The value of the self-defense that I learned most probably outweighs the discomfort I felt for a few hours, and will likely stick with me for much longer, so I’m going with positivity for this case.

Until the next time I cross paths with A….

Ella

Song Quote:

And the only solution was to stand and fight, and my body was bruised and I was set alight. -If Only For A Night, Florence and the Machine

*Want to guess what A is short for? Leave it in the comments, and get creative!

I’m Going to Go with Passion

I’m having trouble concentrating on life because all I want to to do is write the story I have in my head right now. I can’t even focus on writing a post without getting distracted and wanting to write VIQ (I don’t want to share the whole title just yet, so just initials for now).

This isn’t what I usually write on here, but I’ve actually come to the conclusion that maybe this too will interest you. Because when you have a lot of pain, like I’ve had the past few weeks, you don’t get to do what you want to. You aren’t free. All I wanted to do was write but even typing hurt my hands too much. Now that I’ve regained functionality I have this drive inside me to let my creativity run abound and get this story from my head to the pages. It’s not a fire, even though some writers describe it that way, but the words are definitely burning to get out. I think I’d call it… Obsession? Urge? Passion. I’m going to go with passion. I have to admit, I’m really excited about VIQ. It’s different than what I usually write and all of the previous novel ideas I’ve had. It’s kind of a fun story that observes the way the whole world is so small these days, and how we can all be connected to the exact same thing despite the distance between us. It’s also a huge mash-up of all of my favorite daydreams to escape to. For once it feels nice not to write about the things that are sad and hard for me. Not that that is the only thing I write on here- there are plenty of things that have to do with normal life and happier topics. But still, in this novel, no one is sick and I like that.

So here’s to VIQ and huge breakthroughs,

Ella

Song Quote:

If you could read my mind, love, what a tale my thoughts could tell. -If You Could Read My Mind, Gordon Lightfoot Do you feel this passion too?

My Relationship with Taylor Swift

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As far as relationships go, Taylor Swift’s and mine was a pretty happy love story* for a bunch of years. I was about eleven or twelve years old when I started listening to her music, and I was enchanted. I would memorize all of the lyrics, practice the tunes until I got them just right, and even make up dances to my favorite songs. There were times when the two of us were inseparable, and I would spend hours trying to figure out the coded messages she slipped into her lyric books.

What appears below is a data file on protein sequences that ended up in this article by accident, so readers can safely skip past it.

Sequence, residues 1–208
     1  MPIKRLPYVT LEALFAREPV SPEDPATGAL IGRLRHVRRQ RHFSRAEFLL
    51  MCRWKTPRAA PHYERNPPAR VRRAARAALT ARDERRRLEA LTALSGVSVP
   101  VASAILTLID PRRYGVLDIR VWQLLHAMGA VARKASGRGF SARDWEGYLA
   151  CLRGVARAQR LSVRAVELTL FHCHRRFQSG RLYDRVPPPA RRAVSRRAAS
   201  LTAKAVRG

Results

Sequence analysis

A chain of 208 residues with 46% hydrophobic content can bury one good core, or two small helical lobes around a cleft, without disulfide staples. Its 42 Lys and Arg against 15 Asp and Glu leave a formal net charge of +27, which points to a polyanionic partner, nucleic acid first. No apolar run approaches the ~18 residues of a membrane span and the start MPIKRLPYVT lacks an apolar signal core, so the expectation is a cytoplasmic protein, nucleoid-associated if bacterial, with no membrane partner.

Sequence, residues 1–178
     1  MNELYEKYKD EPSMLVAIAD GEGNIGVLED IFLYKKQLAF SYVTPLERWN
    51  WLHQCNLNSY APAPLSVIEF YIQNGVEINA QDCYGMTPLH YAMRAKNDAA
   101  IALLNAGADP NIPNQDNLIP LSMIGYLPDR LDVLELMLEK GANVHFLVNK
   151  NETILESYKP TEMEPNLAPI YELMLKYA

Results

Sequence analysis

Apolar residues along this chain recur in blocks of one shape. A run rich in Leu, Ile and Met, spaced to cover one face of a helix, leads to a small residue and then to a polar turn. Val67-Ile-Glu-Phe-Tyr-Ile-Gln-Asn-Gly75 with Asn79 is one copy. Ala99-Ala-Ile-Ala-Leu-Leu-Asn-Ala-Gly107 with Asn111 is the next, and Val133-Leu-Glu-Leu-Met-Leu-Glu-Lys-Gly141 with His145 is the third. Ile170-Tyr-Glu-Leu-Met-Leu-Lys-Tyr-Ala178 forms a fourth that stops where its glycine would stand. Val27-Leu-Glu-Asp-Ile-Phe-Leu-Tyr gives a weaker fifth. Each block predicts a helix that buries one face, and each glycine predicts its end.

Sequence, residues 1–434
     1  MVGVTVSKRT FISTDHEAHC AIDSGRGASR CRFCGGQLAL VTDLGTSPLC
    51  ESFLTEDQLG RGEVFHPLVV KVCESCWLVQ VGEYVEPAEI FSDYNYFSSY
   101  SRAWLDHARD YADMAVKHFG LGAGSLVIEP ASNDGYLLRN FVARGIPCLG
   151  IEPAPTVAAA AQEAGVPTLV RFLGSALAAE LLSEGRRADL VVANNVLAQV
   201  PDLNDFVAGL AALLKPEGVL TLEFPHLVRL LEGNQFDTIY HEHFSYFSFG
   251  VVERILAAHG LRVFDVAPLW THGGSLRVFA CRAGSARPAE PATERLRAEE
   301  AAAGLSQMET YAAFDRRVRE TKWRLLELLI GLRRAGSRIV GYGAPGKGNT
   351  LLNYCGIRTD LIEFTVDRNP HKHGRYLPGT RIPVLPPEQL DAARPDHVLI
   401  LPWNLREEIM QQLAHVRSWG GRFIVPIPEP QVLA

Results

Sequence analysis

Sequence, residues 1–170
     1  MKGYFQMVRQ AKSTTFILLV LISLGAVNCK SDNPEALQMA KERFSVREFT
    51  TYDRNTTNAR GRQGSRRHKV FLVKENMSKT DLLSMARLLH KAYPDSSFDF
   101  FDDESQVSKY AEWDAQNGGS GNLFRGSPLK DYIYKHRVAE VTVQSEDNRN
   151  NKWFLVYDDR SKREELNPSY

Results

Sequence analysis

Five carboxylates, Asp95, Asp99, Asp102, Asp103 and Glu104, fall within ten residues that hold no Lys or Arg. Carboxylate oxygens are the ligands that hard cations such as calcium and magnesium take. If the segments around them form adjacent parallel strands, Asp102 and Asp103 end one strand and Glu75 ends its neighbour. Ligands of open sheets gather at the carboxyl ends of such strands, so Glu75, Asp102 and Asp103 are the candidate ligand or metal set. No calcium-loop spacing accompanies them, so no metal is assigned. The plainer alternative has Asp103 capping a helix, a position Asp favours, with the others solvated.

When “Speak Now” came out, I bought my copy right away and took to pacing up and down my living room while listening to it. I had just started at a new school, and I remember being on the bus when a few girls up front started singing “Sparks Fly”, and being overjoyed that I too knew all of the lyrics. When someone said that all of the songs on the album sounded too similar, I defended T-Swizzle’s honor and gave them a long speech (well, it was more of a soliloquy) about how her songs are well crafted, ingenious and beautiful. I was a Swiftie to the core.

But then, entirely out of the blue, in the fall of 2012, Taylor Swift and I had a falling out. It was dreadful, and I was dying to know if it was killing her like it was killing me. I don’t think it was though. Taylor Swift once told me that to be her friend all I had to was like her and listen, and I was failing royally at that. I was disappointed in her new album, “Red”, though for a short period of time in my younger years red was my favorite color. I decided she was a bad singer who was fairly hypocritical and fake, and who should have kept her beautiful curls whole.

The thing is, our falling out wasn’t entirely out of the blue. In truth, it had everything to do with the summer that preceded said fall. I was fifteen in the summer of 2012, and I was diagnosed with fibromyalgia while at the same time the growth I had found on my back was declared cancerous. I was intensely upset and dreadfully angry, but mostly I was confused. Despite that, I had made a vow to myself many years earlier that no matter what personal hardships arose, I would never, ever, take out my anger on the people around me.

I retreated into myself, and for a little while lost touch with peace and serenity. “Red” came out that October. Are you starting to see the shockingly obvious connection between my emotional state and the condition of my relationship with Taylor Swift? I kept my promise; I didn’t take my anger out on the people around me. But I did take it out on Taylor.